In this final excerpt from Ethical Oil, a new book debunking the myths and bogus claims of Alberta’s oilsands critics, Sun Media columnist Ezra Levant takes a closer look at the price tag of the “green job” revolution. Read all three excerpts at lfpress.com/ethicaloil
By Special to QMI Agency
Last Updated: September 25, 2010 12:00am
In the great public debate about the future of energy, the oilsands aren't just compared against other oil producers; they're compared against potential future energy sources too (even if they're still in their infancy and largely untested on the scale required to displace oil).
This is why when environmentalists promote their vision for a new economy based on renewable fuels, like wind and solar, they put tremendous emphasis on their promise that building more turbines and solar cells will only increase our prosperity, creating millions of "green jobs" in those industries, while improving the environment, with no additional costs to any of us.
"Millions of new jobs are among the many silver-, if not indeed gold-plated, linings on the cloud of climate change," Achim Steiner, head of the UN's environmental program, announced at a world climate-change conference in 2007.
"These jobs are not for just the middle classes - the so-called 'green collar' jobs - but also for workers in construction, sustainable forestry and agriculture, engineering and transportation."
Spain and Germany, where governments have led the rush into subsidizing wind and solar power, he said, have "already created several hundred thousand jobs."
Jim Harris, past leader of Canada's Green Party and a bestselling business author, is warning Canadian politicians that they are missing the boat on a great job-creating opportunity in failing to keep up with European levels of renewable energy subsidies.
"Spain has just committed to creating a million green energy jobs over the next decade," he wrote in an October 2009 article called Green Jobs Will Pay for Themselves.
As luck would have it, Spain is a pretty instructive country for Canadians to look to as a comparison to our own situation, since it has a population that's similar in size (Canada population is 33 million; Spain's is 40 million) and in 2008 had a roughly similar-sized economy (Canada's GDP is $1.3 trillion; Spain's is $1.4 trillion).
And Spain has truly been a leader in throwing all its policy muscle behind the green-economy effort.
Environmental groups that had argued for decades that if we would only try switching from our fossil fuel habit, we would discover how achievable it is to create a flourishing economy without them, finally had in Spain the pilot project they had been asking for.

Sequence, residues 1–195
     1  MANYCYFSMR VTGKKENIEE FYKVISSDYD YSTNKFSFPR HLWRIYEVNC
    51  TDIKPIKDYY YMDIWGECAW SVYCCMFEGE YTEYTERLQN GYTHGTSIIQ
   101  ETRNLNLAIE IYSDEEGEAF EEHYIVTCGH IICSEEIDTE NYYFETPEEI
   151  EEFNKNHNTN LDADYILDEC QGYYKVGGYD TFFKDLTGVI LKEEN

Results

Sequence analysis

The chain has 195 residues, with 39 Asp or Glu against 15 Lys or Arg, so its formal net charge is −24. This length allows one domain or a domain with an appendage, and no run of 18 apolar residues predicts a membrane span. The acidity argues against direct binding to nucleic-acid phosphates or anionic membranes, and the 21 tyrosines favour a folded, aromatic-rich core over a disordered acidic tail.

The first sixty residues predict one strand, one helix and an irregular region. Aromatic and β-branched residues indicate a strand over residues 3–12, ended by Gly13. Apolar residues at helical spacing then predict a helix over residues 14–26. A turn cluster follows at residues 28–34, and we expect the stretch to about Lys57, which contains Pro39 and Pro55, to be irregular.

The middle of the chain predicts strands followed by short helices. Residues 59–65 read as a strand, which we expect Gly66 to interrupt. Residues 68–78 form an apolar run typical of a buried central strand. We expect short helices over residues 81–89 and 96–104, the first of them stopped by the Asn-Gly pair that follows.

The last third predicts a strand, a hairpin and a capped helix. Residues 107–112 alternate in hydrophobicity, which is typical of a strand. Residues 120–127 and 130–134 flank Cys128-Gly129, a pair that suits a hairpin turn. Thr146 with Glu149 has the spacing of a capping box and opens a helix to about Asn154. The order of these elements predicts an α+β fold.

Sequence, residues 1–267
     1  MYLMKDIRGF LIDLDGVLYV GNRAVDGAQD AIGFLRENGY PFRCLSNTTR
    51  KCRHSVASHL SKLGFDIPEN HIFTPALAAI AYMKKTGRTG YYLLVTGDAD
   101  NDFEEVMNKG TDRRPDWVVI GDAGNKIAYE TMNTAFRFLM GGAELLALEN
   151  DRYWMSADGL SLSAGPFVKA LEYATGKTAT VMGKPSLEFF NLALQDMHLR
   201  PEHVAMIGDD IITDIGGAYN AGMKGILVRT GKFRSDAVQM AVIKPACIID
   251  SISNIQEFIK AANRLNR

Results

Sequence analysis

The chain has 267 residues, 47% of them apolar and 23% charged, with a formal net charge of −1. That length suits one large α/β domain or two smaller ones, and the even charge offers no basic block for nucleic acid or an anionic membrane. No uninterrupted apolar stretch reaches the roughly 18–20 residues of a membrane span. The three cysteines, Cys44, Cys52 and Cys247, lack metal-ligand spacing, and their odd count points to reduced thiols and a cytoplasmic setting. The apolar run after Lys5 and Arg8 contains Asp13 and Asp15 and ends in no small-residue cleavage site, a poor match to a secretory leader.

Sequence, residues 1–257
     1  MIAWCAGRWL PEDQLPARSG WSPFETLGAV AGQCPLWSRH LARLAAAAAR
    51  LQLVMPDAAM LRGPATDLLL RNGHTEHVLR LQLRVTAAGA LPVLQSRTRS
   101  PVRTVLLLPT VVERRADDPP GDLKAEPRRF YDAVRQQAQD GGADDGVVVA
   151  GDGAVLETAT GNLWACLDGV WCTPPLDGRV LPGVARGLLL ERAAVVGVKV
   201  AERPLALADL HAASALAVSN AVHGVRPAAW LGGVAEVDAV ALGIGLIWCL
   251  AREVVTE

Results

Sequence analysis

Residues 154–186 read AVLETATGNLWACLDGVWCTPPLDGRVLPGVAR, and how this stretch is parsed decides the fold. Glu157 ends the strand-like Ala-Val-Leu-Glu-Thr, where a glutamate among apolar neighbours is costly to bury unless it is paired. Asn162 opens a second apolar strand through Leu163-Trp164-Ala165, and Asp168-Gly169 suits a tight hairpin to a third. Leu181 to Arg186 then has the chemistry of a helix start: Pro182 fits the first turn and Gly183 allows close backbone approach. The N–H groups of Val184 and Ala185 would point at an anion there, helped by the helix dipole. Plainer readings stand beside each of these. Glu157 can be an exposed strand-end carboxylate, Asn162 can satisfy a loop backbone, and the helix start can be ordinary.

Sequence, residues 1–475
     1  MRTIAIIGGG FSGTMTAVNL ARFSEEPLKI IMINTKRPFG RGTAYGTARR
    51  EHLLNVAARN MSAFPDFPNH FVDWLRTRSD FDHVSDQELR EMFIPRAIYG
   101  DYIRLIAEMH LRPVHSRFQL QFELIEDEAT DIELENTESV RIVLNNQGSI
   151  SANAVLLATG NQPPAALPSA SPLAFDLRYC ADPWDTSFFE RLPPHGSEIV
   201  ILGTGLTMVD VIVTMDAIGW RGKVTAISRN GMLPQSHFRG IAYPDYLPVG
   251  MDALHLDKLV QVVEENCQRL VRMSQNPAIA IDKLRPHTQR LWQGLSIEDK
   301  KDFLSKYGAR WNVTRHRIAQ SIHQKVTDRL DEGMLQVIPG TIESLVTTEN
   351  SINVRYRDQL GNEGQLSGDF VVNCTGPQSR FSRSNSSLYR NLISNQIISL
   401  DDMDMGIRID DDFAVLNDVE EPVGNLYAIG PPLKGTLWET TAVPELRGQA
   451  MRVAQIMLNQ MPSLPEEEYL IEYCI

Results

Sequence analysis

But, although you wouldn't know it from the cheerleading of environmentalists in Canada, the United States, and the UN, the reality is that back in Spain, the country supposedly leading the way on renewable energy, the truth was that that entire experiment has turned out to be an unmitigated disaster.
In March 2009, economic researchers at Spain's King Juan Carlos University, after hearing so much of this international praise for their country's renewable energy policies, and sensing something quite different going on around them, decided to finally examine the benefits and costs to Spain of this massive "green jobs" creation strategy, which has been underway for more than a decade.
The net effect of Spain's green policy, the authors found, was that it actually "destroys jobs." Lots of them. The report found a "surprisingly low number" of green jobs created in Spain overall - about fifty thousand - and most of them were only short-term work, such as building and installing facilities: Just one out of every ten jobs created was considered "at the more permanent level of actual operation and maintenance of the renewable sources of electricity."
But, whether permanent or short-term, for every single so-called green job created in Spain since the government first embarked on the initiative in 1997, the policy killed 2.2 jobs elsewhere in the economy. For every green megawatt of electrical capacity installed, five jobs were wiped out from the economy, often as a result of higher power prices.
"These costs do not appear to be unique to Spain's approach," the researchers concluded, "but instead are largely inherent in schemes to promote renewable energy sources," whether they're implemented in Japan, Canada, or the United States. In fact, according to the study's analysis, were the United States to adopt the same policies as Spain has - just like President Obama has said he hopes to - it could expect to create 3-5 million jobs, but it will likely eliminate, based on Spain's experience, as many as 11 million other jobs in the process.
But that only represents a portion of the economic damage that has befallen Spain as a direct result of the policy. Because the few "green jobs" that were created didn't just appear out of thin air: They only happened because the government poured billions of taxpayer dollars into the renewable energy sector. Every green job created cost the government $571,138, or about $850,000 (all figures using exchange rates as of late 2009). Every wind-industry job created cost, on average, more than $1 million to create, according to the report - roughly a staggering $1.5 million.
Of course, all that government money has to come from taxpayers, and you don't need an economist to tell you that higher taxes means less prosperity - and fewer jobs - somewhere else in the economy.